Farm Ireland

Tuesday 25 October 2016

EU holds firm on ending sugar quotas despite fears

Sarah Collins

Published 19/10/2016 | 08:00

Phil Hogan
Phil Hogan

Brussels is trying to manage expectations ahead of sugar quotas expiring next year, though Italy and Poland want to stop the clock.

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The quota - the EU's last - has kept European sugar prices artificially high for almost 50 years, but is set to expire at the end of September 2017.

Poland is one of the EU's main sugar beet growers along with the UK, France and Germany. Italy is one of the bloc's refiners.

Poland - with Italy's support - said last week it wanted to keep the sweetener in place beyond 2017, arguing that ending quotas will result in "shutting down sugar factories and liquidating regions" of sugar beet growers. The Polish caution evokes memories of the EU's 2006 sugar reform, which saw the closure of 81 of the EU's 183 sugar factories, costing the EU €5.4b in compensation payments.

Greencore Plc closed Ireland's last sugar factory in Mallow in 2006 with €231m worth of aid.

In 2010, EU auditors said the shuttering of the "large, modern and potentially efficient sugar factory" may not have been necessary in a scathing report on the sugar reform.

The report and lingering nostalgia for the disappeared industry has led to sporadic calls for a revival of sugar production in Ireland. A group of farmers calling themselves Beet Ireland are pushing for a sugar comeback, arguing that beet is the most profitable arable crop available.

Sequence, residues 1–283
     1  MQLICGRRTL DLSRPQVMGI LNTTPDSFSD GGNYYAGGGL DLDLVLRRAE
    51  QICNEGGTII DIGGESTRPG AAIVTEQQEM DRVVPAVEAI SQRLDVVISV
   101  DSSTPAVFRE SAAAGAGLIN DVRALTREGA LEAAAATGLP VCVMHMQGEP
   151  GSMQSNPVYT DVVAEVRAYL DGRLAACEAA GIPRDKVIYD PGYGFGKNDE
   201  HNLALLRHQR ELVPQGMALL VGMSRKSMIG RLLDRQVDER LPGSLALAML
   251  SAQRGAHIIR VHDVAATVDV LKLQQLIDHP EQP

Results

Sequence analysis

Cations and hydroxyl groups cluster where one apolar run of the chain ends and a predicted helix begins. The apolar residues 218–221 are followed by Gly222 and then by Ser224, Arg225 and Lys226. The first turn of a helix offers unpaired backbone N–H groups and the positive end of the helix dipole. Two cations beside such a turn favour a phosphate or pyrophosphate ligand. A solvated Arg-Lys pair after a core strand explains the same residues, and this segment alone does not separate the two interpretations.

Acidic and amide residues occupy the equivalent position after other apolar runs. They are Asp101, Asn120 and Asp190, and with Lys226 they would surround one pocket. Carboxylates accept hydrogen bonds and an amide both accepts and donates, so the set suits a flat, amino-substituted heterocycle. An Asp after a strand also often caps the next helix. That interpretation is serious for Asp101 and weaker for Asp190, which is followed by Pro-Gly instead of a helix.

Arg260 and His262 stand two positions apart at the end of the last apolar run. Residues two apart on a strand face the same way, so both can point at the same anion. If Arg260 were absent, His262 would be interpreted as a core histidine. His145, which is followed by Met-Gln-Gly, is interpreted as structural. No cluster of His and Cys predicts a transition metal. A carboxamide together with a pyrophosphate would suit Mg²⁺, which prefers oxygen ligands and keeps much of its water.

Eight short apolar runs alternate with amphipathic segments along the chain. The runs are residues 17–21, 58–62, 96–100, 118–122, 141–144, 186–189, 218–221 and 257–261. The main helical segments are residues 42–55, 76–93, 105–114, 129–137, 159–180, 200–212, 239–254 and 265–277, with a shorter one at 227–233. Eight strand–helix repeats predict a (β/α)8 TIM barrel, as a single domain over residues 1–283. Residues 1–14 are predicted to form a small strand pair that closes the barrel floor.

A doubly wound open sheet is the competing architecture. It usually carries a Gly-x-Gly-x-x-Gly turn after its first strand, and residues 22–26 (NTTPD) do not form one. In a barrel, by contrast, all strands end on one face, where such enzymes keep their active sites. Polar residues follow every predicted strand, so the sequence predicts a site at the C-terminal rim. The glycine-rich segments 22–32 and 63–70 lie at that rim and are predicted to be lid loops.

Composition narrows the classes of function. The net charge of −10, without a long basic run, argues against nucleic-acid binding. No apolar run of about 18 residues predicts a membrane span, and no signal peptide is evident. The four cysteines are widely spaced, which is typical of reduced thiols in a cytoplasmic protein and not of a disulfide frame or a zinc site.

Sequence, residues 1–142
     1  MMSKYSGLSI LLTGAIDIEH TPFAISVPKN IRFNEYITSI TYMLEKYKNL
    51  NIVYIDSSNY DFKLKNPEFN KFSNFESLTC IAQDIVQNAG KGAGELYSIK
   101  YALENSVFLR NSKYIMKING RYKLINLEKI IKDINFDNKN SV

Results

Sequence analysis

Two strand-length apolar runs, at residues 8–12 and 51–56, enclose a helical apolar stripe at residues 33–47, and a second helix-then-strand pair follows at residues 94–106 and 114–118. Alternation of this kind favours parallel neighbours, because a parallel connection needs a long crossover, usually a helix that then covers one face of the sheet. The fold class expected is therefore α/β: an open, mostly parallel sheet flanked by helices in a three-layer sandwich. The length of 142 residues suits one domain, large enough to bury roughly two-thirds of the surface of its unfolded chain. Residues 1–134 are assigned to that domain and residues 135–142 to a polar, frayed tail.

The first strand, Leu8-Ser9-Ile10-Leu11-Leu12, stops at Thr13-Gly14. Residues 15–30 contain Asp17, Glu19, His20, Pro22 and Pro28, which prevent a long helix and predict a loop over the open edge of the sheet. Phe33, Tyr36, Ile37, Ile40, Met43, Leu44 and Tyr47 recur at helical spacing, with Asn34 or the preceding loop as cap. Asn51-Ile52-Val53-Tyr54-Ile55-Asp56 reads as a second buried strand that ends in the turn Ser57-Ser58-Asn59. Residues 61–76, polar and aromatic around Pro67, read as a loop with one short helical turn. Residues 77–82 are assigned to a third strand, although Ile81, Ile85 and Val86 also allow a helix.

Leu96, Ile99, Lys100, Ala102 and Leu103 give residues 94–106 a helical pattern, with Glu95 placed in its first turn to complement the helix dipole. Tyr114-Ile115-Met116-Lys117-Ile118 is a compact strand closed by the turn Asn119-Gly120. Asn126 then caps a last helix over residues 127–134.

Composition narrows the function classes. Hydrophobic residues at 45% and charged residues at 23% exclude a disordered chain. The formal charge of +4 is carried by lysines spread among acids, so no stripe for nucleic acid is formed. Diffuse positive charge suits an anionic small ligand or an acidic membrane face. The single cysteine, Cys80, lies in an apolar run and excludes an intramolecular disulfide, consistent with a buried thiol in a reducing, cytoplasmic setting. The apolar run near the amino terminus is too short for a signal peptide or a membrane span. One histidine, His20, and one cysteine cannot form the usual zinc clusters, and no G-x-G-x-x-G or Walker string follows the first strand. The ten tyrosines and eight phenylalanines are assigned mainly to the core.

Sugar consumption in the EU is high, with the 28-member bloc importing roughly three million tonnes of sugar a year over its quota of 13.5 million tonnes. The EU expects prices to drop after the end of quotas, though at €437 a tonne, they are currently below world market prices of €550. The Commission estimates a slight increase in sugar production after the end of quotas but says the production of isoglucose, a sweetener made from corn starch, could skyrocket, boosting exports and reducing the need to import so much.

Still, EU officials are not taking the Irish beet campaign seriously, with one joking that the weather and the financial risks might put investors off.

The Government said it was up to the private sector to "turn their plans into a viable reality", though the Programme for a Partnership Government says that "State enterprise bodies will be asked to examine any substantial business plans related to rebuilding the industry with a view to considering appropriate State supports".

EU agriculture commissioner Phil Hogan (above) insisted last week there would be "no reversal" of the Commission's position on the end of quotas, which was decided back in 2013.

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